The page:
In an article recently published in the New York Times it was reported that a recent study has found that states where medical Cannabis is legally available have shown a 25% average reduction in fatal prescription drug overdoses – specifically fatalities involving opioids, a class of drug that is commonly prescribed for the management of pain.
“. . . using state-level death certificate data from 1999 to 2010, my colleagues and I found that the annual rate of opioid overdose deaths decreased substantially — by 25 percent on average — following the passage of medical marijuana laws, compared to states that still had bans” – so wrote Colleen Barry, author of the article and senior author of the study, and professor at Johns Hopkins Bloomberg School of Public Health.
Professor Barry, who is also co-director of the Johns Hopkins Center for Mental Health and Addiction Policy Research, is however concerned about the possibility of unwarranted conclusions being drawn from the results of the study.
She says that her study is not evidence that cannabis can help cure opioid addiction. And says that this interpretation of her work is “particularly upsetting”.
Medical Cannabis and the management of chronic pain
With an estimated 100 million Americans suffering from chronic pain, the use of opioid painkillers in the US is extremely widespread. According to the CDC, there were 28 000 deaths involving opioids in 2014, of which “at least half” were prescribed drugs like hydrocodone, oxycodone, morphine, codeine and others – some 14 000 deaths in total.
Professor Barry states in her article in the New York Times that the most common complaint for which medical Cannabis is recommended by doctors is chronic or otherwise intractable pain. She goes on to speculate: “Could medical marijuana be a safer alternative to opioids for chronic pain management? If so, it would potentially reduce harms from opioid medicines.”
If Professor Barry’s speculation proves to be correct, then on the face of the information available some 3 500 deaths caused by opioid overdose could have been avoided if medical Cannabis had been available across the US in 2014.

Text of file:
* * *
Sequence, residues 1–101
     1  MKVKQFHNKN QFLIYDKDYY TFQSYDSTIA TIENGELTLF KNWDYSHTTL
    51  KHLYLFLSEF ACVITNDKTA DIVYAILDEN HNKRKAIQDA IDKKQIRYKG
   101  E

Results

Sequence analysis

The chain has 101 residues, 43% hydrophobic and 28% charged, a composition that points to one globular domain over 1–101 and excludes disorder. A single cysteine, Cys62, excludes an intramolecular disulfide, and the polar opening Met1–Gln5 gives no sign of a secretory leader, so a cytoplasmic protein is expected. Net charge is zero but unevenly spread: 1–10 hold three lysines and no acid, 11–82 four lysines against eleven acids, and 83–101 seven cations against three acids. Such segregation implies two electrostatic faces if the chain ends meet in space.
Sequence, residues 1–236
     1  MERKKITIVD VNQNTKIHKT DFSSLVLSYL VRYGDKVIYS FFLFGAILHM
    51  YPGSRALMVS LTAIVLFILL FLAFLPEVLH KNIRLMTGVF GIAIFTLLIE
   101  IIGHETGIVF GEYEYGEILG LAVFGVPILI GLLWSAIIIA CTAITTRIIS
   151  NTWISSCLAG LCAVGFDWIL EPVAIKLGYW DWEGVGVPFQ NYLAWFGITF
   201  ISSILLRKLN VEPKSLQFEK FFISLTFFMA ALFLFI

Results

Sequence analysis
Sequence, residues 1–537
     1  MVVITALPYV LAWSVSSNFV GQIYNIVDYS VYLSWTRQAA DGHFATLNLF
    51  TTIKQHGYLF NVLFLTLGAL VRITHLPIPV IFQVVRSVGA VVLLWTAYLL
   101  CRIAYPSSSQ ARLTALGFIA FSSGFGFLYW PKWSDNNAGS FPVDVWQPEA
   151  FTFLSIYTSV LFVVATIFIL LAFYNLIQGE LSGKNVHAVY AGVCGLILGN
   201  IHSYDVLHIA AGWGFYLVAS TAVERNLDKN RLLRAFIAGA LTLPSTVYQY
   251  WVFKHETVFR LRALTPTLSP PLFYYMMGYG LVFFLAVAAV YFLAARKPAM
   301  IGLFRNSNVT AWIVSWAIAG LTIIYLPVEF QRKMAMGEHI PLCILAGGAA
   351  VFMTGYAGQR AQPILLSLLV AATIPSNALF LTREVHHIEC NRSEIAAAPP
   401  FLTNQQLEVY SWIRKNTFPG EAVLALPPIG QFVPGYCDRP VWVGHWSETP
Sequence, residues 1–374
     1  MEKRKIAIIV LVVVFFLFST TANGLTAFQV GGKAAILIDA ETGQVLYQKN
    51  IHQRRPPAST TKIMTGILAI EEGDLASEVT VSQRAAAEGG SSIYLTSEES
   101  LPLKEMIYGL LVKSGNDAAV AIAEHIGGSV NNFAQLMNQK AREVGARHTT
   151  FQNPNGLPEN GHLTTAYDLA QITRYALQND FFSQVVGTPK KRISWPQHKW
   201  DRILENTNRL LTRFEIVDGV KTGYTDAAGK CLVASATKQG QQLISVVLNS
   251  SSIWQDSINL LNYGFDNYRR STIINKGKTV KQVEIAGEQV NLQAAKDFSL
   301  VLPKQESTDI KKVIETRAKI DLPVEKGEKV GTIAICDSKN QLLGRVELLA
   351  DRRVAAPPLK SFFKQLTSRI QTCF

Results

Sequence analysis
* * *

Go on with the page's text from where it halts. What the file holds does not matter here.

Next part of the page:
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How many fatalities have occurred due to Cannabis use?
From a clinical point of view, (THC which is the substance produced by Cannabis that gives the plant it’s reputation) has extremely an extremely low toxicity, making fatal overdose almost impossible. There has never been any reliable report of a single death caused by the acute toxic effects of smoked or ingested Cannabis.
A green light for medical Cannabis?
Although there is much excitement about the potential efficacy of medical Cannabis in the treatment of a growing list of ailments, the consensus amongst the medical professionals is unanimous: rigorous, far-reaching research is urgently needed. Opinions do, however, vary on whether medical Cannabis should be made available, under what circumstances that should happen, and what controls need to be enforced.
Professor Barry is quoted on the Johns Hopkins Bloomberg School of Public Health website as saying “As our awareness of the addiction and overdose risks associated with use of opioid painkillers such as Oxycontin and Vicodin grows, individuals with chronic pain and their medical providers may be opting to treat pain entirely or in part with medical marijuana, in states where this is legal.”
With so many lives on the line, clarity in this area is very urgent indeed.
Call to Action: What are your feelings about this situation – have you considered this aspect of the Cannabis debate before? Do you feel that research is moving quickly enough? Are the changes to the laws around medical Cannabis adequate? Let us know your point of view.